Knightdramon's review of:Name:
Ah, Lambor. How famous this infamous character is. When he was first featured in Transformers back in 1984, he was known as Sideswipe. One of the year 1 Autobot cars to be featured in the cartoon, he was primarily known for his interaction with his twin brother Sunstreaker. In the original cartoon, he didn't do much besides being one of the Autobots who got their rear fenders beat up by the Decepticons. However, his toy was one of the best back in G1. Based on a Lamborghini Contach, he was characterised for his transformation sequence, mainly the 'hood for chest, doors for arm shields' theme.
That mould was re-released several times in the following 20 years. Red Alert, G2 Sideswipe, Tigertracks and so on. In Japan he kept his original Diaclone name, Lambor.
Fast forward to 2003. Binaltech made a debut with a year 2 Autobot, Smokescreen. The figure was welcomed by the fandom, and this gave rise to expectations of even better moulds. The second figure in the Binaltech line is Lambor, back as a sleek car-but not a Lamborghini. This time he returns as a gorgeous Dodge Viper SRT-10!Vehicle Mode
Taken right out of the box, Lambor can be easily mistaken for a model kit of the same size (till one has a look at the insignia). I've seen a model kit of the same car at a shop for collectors, and I've got to inform you that the only drawback on our friend here is that his storage department for luggage etc doesn't open. Following his G1 roots, this guy features rubber tires and die cast metal. The metallic parts are limited to the doors and the entire front section of the car, but they aren't coloured differently or something like that. The colour is a bright, vivid red that looks pretty well. As with Smokescreen, you can't tell the difference between die cast parts and plastic parts unless you touch it.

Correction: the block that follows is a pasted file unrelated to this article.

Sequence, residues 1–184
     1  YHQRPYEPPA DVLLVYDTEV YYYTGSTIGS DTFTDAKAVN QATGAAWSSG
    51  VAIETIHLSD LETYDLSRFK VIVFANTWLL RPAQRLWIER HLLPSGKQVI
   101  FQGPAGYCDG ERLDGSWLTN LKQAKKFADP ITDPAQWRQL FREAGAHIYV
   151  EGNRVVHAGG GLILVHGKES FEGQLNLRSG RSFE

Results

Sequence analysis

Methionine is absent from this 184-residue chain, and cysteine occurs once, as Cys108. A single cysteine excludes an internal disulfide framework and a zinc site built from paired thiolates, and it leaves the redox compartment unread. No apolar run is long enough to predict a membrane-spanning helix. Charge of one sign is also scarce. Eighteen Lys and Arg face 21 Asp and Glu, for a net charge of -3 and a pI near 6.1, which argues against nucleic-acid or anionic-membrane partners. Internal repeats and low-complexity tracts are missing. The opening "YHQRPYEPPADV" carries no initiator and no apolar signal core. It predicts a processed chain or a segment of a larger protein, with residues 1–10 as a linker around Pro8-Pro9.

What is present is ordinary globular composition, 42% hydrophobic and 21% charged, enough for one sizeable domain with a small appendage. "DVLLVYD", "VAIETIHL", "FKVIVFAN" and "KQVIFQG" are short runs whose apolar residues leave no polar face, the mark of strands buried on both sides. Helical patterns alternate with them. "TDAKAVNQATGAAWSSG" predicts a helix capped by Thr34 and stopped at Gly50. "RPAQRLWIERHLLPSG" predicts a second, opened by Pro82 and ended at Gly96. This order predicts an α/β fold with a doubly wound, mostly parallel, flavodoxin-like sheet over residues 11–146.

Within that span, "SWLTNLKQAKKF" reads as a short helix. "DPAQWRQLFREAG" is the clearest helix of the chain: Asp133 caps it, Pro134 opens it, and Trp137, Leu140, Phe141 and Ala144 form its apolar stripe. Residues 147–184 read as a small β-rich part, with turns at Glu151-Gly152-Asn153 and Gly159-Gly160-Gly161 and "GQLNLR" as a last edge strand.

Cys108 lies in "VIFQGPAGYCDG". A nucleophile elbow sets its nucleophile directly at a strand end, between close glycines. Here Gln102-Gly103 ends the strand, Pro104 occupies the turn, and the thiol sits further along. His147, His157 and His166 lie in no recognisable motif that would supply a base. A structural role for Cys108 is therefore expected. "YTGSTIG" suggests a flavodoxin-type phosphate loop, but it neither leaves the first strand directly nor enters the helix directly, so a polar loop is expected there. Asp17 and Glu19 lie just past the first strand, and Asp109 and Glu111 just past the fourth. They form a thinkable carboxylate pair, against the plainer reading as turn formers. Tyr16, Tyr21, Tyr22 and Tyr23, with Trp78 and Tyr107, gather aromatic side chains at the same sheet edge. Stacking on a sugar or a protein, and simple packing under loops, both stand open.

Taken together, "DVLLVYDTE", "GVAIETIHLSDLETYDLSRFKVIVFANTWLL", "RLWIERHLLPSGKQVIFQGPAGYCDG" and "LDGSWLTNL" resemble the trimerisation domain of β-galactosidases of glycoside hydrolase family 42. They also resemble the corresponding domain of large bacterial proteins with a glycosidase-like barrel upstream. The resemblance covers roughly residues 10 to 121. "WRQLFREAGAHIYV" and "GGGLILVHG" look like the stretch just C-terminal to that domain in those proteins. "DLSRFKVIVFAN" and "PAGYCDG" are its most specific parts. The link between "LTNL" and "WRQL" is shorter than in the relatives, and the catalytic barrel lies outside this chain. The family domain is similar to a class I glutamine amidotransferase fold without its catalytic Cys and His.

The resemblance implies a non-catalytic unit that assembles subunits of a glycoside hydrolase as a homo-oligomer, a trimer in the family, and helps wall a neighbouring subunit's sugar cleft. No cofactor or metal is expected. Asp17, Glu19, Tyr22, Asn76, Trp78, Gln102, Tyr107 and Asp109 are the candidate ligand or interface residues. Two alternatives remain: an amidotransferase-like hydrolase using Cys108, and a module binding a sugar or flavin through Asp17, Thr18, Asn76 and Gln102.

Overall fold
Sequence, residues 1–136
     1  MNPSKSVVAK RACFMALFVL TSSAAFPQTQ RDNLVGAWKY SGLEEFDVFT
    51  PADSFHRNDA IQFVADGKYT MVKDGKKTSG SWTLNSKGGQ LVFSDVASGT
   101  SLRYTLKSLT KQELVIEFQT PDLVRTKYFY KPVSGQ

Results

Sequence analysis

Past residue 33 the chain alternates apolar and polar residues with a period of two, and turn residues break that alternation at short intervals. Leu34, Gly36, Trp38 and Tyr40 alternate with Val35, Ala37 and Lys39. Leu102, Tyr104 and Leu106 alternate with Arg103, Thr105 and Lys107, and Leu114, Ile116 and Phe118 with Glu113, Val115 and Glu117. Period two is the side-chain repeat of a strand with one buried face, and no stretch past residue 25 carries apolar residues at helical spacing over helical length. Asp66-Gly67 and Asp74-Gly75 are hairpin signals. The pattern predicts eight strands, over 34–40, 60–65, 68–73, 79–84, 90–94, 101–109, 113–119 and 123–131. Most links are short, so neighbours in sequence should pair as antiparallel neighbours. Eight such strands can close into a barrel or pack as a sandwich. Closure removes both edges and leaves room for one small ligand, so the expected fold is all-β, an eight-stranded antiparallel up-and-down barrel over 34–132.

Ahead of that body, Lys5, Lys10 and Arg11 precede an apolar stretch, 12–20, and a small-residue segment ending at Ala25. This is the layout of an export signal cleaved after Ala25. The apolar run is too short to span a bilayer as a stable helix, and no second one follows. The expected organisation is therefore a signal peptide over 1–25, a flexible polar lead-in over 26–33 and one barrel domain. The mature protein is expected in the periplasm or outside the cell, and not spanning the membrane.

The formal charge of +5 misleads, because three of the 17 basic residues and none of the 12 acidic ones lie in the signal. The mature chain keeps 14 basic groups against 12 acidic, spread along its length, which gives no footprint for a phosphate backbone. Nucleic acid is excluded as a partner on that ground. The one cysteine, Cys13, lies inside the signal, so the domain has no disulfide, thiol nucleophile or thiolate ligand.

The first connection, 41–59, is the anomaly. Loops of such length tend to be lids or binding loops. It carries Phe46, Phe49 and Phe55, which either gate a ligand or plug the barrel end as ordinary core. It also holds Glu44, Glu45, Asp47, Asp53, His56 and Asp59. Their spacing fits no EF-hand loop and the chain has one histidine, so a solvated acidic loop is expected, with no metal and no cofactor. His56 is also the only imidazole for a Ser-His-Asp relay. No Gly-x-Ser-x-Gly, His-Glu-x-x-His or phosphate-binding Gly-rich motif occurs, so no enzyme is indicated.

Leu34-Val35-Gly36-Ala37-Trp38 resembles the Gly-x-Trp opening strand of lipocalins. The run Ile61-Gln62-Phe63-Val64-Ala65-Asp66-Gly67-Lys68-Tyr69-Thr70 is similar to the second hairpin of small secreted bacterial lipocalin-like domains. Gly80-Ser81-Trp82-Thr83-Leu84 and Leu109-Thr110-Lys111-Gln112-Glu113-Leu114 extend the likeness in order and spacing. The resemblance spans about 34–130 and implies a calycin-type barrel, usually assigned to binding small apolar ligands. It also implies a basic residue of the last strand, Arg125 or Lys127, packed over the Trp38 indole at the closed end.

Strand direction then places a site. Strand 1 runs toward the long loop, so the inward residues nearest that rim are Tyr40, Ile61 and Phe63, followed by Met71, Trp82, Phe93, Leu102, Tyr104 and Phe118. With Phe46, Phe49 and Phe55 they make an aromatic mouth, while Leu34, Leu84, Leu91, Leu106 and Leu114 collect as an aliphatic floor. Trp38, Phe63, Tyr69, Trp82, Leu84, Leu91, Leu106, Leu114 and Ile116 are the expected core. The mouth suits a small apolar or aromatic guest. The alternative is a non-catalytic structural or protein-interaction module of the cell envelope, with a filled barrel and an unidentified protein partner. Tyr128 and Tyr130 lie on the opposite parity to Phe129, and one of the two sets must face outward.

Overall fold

The interior of the vehicle is amazing, and all parts match the real thing (even if some of us Europeans never get to see this car up close, there are pictures on the net, heh). The side mirrors have reflective paint on them, but don't expect it to be really clear. A nice detail that could have been overlooked. The hubcaps are chromed, giving off a magnificent spectacle, being in the centre of rubber tires. I've heard about the chrome fading off for no reason, but that hasn't happened to me yet…
Moving up, the hood can be opened to reveal the engine block. That part matches the real thing as well, but the rest of the parts there don't. You can see blank space on the back and his heels while the hood is open. The Autobot insignia is on the convertible cover [which doesn't come up], giving away his affiliation.
The only aesthetic downside (at least in my opinion) is that the car is so round at the rear. That's how the real thing is, but…it just doesn't look that good.
Nevertheless, an excellent addition to your Autobot army, or to your model cars collection.Robot Mode